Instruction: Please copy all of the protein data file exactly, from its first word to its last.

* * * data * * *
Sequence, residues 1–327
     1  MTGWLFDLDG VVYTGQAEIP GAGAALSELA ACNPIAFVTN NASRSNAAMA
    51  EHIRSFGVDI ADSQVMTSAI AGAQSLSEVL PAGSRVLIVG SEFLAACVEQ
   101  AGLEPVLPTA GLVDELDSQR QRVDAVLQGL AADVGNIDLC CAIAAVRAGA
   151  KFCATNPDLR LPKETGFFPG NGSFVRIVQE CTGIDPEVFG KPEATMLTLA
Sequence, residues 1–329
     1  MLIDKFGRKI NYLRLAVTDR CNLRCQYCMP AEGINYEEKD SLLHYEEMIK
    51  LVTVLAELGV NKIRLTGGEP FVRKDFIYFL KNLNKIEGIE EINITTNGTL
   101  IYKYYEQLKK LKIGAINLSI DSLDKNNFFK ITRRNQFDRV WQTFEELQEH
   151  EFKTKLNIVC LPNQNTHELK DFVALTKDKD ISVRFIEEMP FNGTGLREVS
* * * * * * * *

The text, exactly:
Sequence, residues 1–327
     1  MTGWLFDLDG VVYTGQAEIP GAGAALSELA ACNPIAFVTN NASRSNAAMA
    51  EHIRSFGVDI ADSQVMTSAI AGAQSLSEVL PAGSRVLIVG SEFLAACVEQ
   101  AGLEPVLPTA GLVDELDSQR QRVDAVLQGL AADVGNIDLC CAIAAVRAGA
   151  KFCATNPDLR LPKETGFFPG NGSFVRIVQE CTGIDPEVFG KPEATMLTLA
Sequence, residues 1–329
     1  MLIDKFGRKI NYLRLAVTDR CNLRCQYCMP AEGINYEEKD SLLHYEEMIK
    51  LVTVLAELGV NKIRLTGGEP FVRKDFIYFL KNLNKIEGIE EINITTNGTL
   101  IYKYYEQLKK LKIGAINLSI DSLDKNNFFK ITRRNQFDRV WQTFEELQEH
   151  EFKTKLNIVC LPNQNTHELK DFVALTKDKD ISVRFIEEMP FNGTGLREVS